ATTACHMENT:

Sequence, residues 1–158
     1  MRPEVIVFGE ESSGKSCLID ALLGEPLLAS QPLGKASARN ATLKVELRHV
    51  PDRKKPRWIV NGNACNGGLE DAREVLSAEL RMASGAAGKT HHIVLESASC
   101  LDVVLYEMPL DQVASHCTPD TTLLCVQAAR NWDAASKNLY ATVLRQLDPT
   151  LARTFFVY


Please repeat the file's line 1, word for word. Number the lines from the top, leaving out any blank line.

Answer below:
Sequence, residues 1–158